Apoptosis, frequently described as programmed cell death, is a fundamental mechanism essential for the growth and development of multicellular organisms. Notably, this process, or a rudimentary version of it, is also observed in single-celled eukaryotes such as yeast and other microeukaryotes, which are often referred to as protists.
The origins of eukaryotic apoptosis continue to be a subject of inquiry in the field of biology. Nonetheless, research has highlighted that numerous factors responsible for initiating apoptosis have roots in bacteria or mitochondria, offering insights into the evolutionary history of this widely observed phenomenon.
In a recent study published in Genome Biology and Evolution, researchers from the Institute of Biochemistry and Biophysics of the Polish Academy of Sciences have unveiled that many of these apoptotic factors may have originated during the period of mitochondrial incorporation, indicating a remarkable level of conservation that spans approximately 1.8 billion years.
The processes that trigger apoptosis exhibit remarkable similarities across various diverse eukaryotes. These processes typically commence with an increase in mitochondrial membrane permeability, which sets off a series of events involving proteins known as apoptosis-inducing factors (AIFs).
These AIFs play a crucial role in initiating the pathway that ultimately leads to cell death. According to phylogenetic analyses, it is been observed that these AIFs generally have origins in bacteria or mitochondria.
To gain further insights into the evolution of apoptosis in different eukaryotes, a research team led by Szymon Kaczanowski and Urszula Zielenkiewicz conducted experiments to investigate the functional conservation of apoptotic factors.
They used a yeast complementation test, where they replaced each of the four apoptotic genes in yeast with related proteins from various eukaryotes and prokaryotes. Subsequently, they exposed the modified yeast strains to apoptosis-inducing agents to assess whether the introduced genes retained the capacity to induce apoptosis in yeast.
Remarkably, the study uncovered those proteins from distantly related sources, including plants, animals, slime molds, and bacteria, could effectively replace the original yeast proteins in their functional roles.
“This surprising finding suggests that ancient mechanisms of cell death have been evolutionarily conserved since the domestication of mitochondria,” says Kaczanowski and Zielenkiewicz, an event that took place around 1.8 billion years ago.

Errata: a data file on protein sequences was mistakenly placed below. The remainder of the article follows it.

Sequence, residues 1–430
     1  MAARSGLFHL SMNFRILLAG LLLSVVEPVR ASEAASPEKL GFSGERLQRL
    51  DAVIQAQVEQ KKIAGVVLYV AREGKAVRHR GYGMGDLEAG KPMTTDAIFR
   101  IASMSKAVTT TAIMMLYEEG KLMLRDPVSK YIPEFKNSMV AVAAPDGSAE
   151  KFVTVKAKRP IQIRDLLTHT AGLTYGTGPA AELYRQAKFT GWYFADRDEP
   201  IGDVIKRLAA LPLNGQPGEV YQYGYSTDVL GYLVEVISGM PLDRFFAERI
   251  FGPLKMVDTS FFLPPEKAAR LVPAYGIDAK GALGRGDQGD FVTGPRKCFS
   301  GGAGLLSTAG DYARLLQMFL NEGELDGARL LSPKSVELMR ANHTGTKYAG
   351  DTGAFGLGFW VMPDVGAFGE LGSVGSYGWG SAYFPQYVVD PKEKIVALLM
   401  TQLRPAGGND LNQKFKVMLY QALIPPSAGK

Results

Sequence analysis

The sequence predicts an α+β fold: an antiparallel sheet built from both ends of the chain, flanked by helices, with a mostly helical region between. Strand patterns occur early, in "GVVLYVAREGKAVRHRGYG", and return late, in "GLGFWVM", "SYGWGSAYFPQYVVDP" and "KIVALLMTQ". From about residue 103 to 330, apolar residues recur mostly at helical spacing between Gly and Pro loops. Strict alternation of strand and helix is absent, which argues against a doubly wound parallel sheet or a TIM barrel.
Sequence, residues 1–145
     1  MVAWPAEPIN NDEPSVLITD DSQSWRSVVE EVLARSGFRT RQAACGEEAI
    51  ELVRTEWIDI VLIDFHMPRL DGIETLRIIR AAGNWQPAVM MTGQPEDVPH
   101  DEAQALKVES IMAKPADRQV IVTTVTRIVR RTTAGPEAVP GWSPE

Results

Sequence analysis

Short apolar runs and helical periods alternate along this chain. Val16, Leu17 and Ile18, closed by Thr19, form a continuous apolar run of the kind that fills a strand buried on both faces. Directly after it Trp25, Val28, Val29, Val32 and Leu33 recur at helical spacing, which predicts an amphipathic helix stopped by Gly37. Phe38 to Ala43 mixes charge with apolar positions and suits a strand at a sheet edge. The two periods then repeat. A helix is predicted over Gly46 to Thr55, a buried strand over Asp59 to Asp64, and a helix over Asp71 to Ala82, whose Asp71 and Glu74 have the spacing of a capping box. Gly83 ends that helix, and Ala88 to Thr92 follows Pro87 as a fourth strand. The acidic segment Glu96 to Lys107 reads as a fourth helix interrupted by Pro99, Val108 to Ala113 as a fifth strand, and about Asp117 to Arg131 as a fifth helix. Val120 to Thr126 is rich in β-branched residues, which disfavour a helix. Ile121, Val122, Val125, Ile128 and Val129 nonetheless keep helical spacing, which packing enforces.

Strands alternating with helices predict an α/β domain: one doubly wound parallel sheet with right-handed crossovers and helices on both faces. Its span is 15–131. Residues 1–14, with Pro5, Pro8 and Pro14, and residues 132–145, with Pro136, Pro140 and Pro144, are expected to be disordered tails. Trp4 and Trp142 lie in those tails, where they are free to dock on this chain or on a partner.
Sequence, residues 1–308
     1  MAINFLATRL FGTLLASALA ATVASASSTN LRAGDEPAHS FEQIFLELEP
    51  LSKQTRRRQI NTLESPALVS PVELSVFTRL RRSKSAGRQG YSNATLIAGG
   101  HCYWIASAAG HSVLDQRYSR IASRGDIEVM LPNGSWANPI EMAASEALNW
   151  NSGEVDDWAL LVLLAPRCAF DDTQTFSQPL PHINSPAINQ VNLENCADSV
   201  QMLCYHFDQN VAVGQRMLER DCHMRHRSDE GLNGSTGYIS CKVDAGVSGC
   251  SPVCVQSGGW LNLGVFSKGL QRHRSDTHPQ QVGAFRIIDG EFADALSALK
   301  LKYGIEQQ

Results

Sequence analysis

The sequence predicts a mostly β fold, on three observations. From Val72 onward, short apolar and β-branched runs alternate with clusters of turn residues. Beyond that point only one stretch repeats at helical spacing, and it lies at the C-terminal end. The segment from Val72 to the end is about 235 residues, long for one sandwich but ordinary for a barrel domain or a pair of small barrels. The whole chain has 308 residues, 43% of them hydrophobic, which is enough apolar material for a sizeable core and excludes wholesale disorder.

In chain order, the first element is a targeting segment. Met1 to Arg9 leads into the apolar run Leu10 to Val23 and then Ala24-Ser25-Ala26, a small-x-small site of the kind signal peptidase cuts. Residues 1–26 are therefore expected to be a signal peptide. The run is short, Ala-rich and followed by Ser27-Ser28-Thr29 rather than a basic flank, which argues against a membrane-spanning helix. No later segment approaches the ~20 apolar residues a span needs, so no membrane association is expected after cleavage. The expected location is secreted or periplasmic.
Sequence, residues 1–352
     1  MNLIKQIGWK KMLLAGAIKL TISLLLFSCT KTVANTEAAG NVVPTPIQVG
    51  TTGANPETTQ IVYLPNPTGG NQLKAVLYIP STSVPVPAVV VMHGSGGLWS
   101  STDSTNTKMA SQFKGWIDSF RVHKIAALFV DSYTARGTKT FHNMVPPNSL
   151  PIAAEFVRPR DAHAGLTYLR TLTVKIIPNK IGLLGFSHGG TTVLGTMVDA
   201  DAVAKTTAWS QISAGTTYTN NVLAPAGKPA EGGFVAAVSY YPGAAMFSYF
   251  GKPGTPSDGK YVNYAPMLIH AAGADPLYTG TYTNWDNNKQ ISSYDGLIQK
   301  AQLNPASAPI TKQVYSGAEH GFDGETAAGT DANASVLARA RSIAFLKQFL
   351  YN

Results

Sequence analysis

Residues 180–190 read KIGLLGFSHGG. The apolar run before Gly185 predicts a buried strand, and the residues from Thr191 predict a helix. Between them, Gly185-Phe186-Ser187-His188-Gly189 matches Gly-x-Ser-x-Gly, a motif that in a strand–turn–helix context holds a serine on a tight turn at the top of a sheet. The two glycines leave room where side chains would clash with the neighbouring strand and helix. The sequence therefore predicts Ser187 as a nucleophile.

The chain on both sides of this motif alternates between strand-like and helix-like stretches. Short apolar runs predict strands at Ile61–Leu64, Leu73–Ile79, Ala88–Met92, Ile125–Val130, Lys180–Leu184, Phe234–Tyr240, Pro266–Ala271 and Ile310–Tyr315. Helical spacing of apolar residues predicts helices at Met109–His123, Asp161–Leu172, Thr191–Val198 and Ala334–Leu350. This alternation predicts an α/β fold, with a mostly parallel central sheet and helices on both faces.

The study's results reinforce the endosymbiotic origin hypothesis of apoptosis, initially proposed by Guido Kroemer in 1997. Kroemer postulated that the bacterial ancestors of mitochondria generated both toxins (apoptotic factors) and antitoxins (anti-apoptotic factors).
In this context, the antitoxins functioned as "addiction molecules," securing the survival of the symbiotic relationship. Driven by the evolutionary tension between bacterial endosymbionts and their hosts, the toxins eventually transformed into the apoptotic factors now identified.
Kaczanowski and Zielenkiewicz propose an alternative evolutionary scenario for apoptosis. They suggest that early protoeukaryotes were predators that preyed on bacteria. In response to this predation, the bacteria developed toxins as a defense mechanism.
As time passed, these bacteria were domesticated to become mitochondria within eukaryotic cells, and their toxins evolved into apoptotic factors. The diverse families of AIFs found today and their scattered presence across distantly related eukaryotes imply the existence of multiple redundant toxins in the protomitochondria. This points to a coevolutionary arms race between protomitochondria and their protoeukaryotic hosts.
Whether apoptosis has its roots in an endosymbiotic toxin/antitoxin system or a predator/prey relationship, the study's results indicate that the delicate equilibrium between life and death in eukaryotic cells is profoundly intertwined with the emergence of mitochondria.
This discovery paves the way for new avenues of research into the coevolution of mitochondria and eukaryotes, as well as the ancient origins of cell death mechanisms. Moreover, a similar investigative approach could be employed to examine other age-old cellular processes beyond programmed cell death and explore the extent to which conflicts among cellular partners have influenced the evolution of genome characteristics.
“Future studies may reveal the evolutionary history of other aging mechanisms and could make a significant contribution to aging studies,” noted Kaczanowski and Zielenkiewicz, stressing the wider implications of their research.
Kaushal, V., et al. (2023). Apoptotic factors are evolutionarily conserved since mitochondrial domestication. Genome Biology and Evolution. doi.org/10.1093/gbe/evad154.